By the end of the novel, Reverend Mother is delighted to find the apple in her desk showing signs of decay. “How odd, thought Reverend Mother, that this smell should fill the living with such hope.” Her conviction that any hint of the miraculous will introduce chaos into convent life is well-founded, yet her hope also affirms that human salvation must be worked out in the muck and muddle of our very fallen world, and that miracles, though delightful embellishments of the Christian story, can be a distraction from the quotidian business of saving souls.
Unexplained Laughter takes place in a small, rural village in Wales, where Lydia, a sophisticated journalist, repairs to her vacation cottage to get over a love affair. This holiday in the Welsh countryside becomes the occasion for reflection on creaturely limits, mortality, betrayal, and religion, interlaced with hints of transcendence.
Attractive and highly intelligent, Lydia is also gifted with a razor-sharp wit and candor that borders on brashness. Although apparently secular and worldly, she believes in God. While she doesn’t attend church, she notes that, “God makes me laugh.” She insists that this God escapes all our efforts to capture Him in human categories: “I know he’s there because I can’t imagine him.... If I could I should be extremely doubtful. He’d resemble Santa Claus or someone. Anyone I can imagine is quite unlikely to exist.”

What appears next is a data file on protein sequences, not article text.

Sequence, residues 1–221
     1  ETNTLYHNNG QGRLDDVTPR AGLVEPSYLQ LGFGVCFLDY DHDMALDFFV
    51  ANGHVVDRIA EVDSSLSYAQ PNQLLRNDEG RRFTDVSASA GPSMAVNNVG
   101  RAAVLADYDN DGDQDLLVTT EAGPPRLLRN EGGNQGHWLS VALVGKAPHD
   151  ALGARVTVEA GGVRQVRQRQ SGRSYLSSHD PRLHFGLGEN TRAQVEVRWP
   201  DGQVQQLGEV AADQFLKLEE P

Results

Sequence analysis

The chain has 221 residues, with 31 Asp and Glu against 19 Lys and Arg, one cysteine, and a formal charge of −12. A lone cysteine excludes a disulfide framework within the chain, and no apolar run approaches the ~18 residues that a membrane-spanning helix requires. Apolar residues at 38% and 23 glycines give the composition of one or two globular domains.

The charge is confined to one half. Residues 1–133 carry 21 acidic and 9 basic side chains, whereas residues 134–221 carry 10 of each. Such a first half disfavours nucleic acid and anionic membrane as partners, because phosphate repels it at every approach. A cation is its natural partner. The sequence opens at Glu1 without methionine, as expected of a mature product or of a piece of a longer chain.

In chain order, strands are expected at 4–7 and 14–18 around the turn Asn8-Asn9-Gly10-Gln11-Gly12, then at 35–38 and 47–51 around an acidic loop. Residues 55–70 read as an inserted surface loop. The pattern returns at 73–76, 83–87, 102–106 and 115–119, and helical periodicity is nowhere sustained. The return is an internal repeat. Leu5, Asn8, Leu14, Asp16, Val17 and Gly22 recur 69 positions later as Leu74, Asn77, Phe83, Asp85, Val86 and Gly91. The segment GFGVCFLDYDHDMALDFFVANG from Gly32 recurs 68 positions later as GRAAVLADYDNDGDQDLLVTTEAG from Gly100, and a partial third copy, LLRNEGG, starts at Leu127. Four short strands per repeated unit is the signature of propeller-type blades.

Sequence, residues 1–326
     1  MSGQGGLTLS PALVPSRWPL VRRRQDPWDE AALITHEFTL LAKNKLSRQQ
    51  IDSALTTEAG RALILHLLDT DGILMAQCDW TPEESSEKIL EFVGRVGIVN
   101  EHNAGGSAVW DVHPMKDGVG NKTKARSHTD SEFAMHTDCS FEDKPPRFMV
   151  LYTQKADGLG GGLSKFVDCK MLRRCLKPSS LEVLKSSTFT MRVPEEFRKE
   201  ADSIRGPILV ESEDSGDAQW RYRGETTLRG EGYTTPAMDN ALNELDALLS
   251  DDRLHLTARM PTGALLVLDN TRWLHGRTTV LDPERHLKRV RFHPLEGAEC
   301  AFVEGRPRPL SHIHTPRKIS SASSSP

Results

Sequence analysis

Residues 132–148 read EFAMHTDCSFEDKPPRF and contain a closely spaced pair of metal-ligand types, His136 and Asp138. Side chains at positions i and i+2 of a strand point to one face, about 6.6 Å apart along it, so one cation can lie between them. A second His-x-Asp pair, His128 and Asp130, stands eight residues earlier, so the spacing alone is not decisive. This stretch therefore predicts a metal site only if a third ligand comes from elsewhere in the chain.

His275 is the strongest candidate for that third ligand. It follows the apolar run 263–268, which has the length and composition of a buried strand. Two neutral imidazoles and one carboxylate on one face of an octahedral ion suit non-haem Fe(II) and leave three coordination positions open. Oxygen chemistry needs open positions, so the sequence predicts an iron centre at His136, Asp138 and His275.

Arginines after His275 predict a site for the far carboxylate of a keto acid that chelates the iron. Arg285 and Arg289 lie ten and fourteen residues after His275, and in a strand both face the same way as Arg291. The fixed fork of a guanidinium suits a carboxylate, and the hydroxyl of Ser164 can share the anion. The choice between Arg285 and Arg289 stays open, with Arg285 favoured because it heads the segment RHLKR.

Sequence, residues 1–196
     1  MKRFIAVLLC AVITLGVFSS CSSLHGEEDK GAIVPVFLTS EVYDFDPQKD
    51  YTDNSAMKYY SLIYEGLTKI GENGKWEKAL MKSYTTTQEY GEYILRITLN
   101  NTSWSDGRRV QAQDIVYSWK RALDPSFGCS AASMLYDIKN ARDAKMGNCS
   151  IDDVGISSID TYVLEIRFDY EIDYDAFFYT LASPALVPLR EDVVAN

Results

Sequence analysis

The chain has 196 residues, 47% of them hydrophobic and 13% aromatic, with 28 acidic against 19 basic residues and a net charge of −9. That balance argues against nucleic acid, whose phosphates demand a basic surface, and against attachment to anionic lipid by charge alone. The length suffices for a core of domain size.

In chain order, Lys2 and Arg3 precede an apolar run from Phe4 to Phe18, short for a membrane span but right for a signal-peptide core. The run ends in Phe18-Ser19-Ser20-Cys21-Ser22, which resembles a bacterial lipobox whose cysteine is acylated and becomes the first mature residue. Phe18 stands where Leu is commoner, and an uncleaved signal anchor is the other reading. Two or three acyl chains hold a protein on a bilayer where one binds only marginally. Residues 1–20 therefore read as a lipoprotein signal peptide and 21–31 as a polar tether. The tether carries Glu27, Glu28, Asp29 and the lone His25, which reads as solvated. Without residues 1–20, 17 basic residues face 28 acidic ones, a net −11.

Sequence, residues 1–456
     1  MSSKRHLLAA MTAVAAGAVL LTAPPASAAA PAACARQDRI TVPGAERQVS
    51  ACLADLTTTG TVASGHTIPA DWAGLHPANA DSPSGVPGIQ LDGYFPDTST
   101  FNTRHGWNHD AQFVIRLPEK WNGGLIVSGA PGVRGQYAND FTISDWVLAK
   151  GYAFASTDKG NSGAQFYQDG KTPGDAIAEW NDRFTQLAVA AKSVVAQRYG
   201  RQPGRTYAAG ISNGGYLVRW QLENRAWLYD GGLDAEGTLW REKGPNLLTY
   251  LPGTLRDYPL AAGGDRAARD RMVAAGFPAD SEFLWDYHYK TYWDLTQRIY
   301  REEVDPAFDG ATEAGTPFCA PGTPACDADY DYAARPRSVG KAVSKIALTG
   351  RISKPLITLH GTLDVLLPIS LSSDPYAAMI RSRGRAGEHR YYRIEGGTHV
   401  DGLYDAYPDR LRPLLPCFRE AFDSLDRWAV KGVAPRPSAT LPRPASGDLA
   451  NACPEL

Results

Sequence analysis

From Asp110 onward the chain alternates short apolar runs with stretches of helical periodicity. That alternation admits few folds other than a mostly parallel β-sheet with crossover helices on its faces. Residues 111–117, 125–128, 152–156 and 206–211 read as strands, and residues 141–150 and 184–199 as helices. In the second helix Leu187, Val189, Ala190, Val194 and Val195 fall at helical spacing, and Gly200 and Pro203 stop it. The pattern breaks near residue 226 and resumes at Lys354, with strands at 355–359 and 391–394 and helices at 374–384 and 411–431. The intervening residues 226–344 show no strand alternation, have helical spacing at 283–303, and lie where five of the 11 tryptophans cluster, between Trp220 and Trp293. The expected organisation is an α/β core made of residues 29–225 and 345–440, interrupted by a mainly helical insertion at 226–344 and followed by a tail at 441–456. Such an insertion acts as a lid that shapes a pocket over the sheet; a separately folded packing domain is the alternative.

Lydia’s reference to God as a kind of cosmic comedian relates to the “unexplained laughter” of the title. There are repeated references throughout the novel to a mysterious noise that Lydia insists is laughter. Lydia’s houseguest Betty is usually ready with naturalistic explanations like animals or wind or a problem with Lydia’s hearing, yet no proffered explanation is finally conclusive.
Lydia strikes up a friendship with Beuno, the brother of a neighboring farmer and the only other character whom Lydia considers her equal. He intends to become a priest, and Lydia is pleased with him because she seldom met anyone “with whom she was in religious accord.” He is clear-seeing, intensely honest, and mystical. “I want to comb God’s hair,” he says in reply to Lydia’s question about whether he plans to marry (he intends to become an Anglican priest). “If I married,” he continues, “I’d only end up cleaning his shoes. You can’t love God and anyone else.”
Lydia believes not only in God but also in the devil, whom she calls Stan. It has occurred to her that simply leaving out a letter “a” would result in this most prosaic of names, Stan. “I keep wondering what he’d do if I wandered up to the edge of the pit and leaned over and yelled, ‘Oi, you down there. Stan!’” she says. “I expect he’d gnash his teeth in impotent rage,” Beuno replies. Yet even this playful sally is juxtaposed with an entirely serious discussion of the extent of the devil’s intelligence and limitations by space.